Twins and Individuality

Twins and Individuality
Anyone with multiples, no matter the age, will be able to tell you that there are distinct differences in their personalities. Even at one year or sooner, identical or not, the multiples will have somewhat different experiences. As time goes on, it will be those tiny differences that will eventually branch their personalities into the different entities you will see in the future.

I have heard every multiple parent use the term “built in best friend” at one time or another. Parents are busy these days, and a good many of them with multiples are staying home to work (or not), and avoid the costs in having more than one child in out of home care. It makes sense that multiple parents rely on the twins to be their own social interaction. It builds the bond(s), it’s easier than getting everyone ready to go out, and it’s certainly easier than having another mess-maker over for a play date. Plus, while many parents may take the play date offer, reciprocating may be at a minimum because no one wants to handle more than one of someone else’s children. They just aren’t used to the noise and the messes we get to deal with, and it could seem overwhelming to them.

It is important to make an effort to make these play dates happen. Yes, the children learn a lot and build their bonds, but they need the other dynamics associated with extra children. As time goes on without these experiences, eventually they may blatantly compete with each other for another child’s attention. In addition, it is not uncommon for two out of three children to alienate the third on occasion. For this reason, we say why not try play dates with two or more extra kids? Not only does it keep the alienation factor at bay, but it also gives the multiples a chance to make decisions regarding who they want to play with. By now, twins and triplets will naturally have different personality traits that makes each seek out certain characteristics in a playmate, so they may each find someone they like separate from each other.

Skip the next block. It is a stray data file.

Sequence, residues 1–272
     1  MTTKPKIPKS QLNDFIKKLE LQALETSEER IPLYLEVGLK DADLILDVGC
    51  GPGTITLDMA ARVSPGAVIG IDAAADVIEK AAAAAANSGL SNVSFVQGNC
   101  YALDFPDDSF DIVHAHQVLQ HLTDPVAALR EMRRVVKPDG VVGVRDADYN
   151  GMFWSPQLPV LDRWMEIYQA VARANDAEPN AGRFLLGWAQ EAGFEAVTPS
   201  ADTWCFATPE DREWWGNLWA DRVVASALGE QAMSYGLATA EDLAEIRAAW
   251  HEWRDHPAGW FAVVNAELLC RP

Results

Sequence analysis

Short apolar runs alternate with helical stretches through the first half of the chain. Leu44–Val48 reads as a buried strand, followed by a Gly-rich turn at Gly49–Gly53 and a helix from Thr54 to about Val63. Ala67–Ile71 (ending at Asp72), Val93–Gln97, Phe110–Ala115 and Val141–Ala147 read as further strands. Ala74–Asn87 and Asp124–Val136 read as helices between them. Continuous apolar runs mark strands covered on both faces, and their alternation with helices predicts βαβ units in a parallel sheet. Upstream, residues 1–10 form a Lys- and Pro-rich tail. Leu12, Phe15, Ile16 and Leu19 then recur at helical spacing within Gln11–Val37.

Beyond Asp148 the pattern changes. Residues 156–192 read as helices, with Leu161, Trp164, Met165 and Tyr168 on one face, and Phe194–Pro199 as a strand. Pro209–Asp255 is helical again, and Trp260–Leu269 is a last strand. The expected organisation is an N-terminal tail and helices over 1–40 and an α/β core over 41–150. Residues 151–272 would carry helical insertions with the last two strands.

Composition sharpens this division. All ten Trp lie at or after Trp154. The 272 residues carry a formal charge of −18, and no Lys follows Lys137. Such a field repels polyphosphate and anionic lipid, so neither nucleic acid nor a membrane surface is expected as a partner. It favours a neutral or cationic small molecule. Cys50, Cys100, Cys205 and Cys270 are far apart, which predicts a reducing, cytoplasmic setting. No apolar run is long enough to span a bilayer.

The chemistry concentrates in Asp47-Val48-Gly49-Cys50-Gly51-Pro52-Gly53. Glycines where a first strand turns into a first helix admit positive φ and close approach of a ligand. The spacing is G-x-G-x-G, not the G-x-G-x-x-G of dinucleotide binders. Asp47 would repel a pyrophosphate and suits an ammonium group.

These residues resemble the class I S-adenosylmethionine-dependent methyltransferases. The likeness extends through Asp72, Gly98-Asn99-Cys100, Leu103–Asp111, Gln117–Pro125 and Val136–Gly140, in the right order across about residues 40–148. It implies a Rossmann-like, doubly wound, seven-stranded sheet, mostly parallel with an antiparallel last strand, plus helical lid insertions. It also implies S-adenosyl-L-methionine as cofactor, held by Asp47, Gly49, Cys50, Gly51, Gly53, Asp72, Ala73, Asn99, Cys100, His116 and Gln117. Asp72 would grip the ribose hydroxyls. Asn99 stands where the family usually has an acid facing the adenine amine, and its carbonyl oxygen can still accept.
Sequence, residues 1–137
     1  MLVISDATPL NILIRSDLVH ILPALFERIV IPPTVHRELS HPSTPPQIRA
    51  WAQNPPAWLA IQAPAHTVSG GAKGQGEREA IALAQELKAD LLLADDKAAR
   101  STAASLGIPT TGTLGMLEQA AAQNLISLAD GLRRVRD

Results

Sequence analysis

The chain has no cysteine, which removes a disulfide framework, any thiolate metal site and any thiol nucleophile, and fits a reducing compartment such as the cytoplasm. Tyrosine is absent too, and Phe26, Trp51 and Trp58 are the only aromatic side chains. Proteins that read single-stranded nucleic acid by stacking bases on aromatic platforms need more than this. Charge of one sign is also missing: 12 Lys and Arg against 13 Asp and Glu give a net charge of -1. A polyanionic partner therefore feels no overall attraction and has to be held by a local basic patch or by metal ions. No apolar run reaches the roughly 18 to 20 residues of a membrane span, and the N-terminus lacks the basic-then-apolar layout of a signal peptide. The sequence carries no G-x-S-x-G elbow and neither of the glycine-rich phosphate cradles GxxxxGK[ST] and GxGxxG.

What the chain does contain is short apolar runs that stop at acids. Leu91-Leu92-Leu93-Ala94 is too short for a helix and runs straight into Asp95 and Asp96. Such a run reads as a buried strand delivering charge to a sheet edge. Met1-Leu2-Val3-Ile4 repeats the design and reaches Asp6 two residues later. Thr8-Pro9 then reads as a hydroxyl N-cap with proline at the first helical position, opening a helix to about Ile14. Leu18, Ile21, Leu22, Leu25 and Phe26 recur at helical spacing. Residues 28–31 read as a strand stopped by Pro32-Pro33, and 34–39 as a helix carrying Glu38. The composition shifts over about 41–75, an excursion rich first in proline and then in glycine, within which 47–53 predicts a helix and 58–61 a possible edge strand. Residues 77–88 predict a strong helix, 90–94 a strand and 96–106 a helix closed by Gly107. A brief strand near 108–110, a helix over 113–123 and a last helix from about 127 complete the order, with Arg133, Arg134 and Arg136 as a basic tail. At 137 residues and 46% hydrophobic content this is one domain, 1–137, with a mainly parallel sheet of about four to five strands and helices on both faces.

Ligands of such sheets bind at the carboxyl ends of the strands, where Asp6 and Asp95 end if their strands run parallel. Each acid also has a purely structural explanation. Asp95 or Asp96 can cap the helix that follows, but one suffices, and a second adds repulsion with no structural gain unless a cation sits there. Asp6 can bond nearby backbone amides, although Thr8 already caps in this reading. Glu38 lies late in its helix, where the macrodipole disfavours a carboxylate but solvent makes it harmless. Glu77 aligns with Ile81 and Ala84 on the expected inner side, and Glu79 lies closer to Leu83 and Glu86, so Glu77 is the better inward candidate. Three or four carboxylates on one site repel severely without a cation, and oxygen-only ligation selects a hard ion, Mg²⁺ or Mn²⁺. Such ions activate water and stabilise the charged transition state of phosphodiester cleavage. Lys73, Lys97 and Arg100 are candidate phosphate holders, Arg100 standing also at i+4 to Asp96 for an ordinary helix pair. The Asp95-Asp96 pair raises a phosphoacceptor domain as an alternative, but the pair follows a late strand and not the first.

As time goes on and your multiples reach school age, try to monitor their social development as much as possible without seeming overbearing. Since they are out of the house and (partly) out of your sight now, it may be difficult to see things like sibling jealousy over a friend. This will naturally be more prevalent with twins, since they are the same age and thus have relationships with the same groups of people. It may also come to be that one or the other falls behind in popularity, and the other sibling isn’t sharing the same concern for their brother/sister that you would expect. Remember that it isn’t the siblings fault, but you need to find creative ways to reinforce their bond if you can.

The best way to circumvent some of these circumstances is by developing their individual identities early on. Take them out separately; if one is introverted, perhaps there are activities you can seek out where they can come out of their shell a bit. Let them make lots of friends too-teach them that they may be a twin, but they are just as much of an individual as everyone else.

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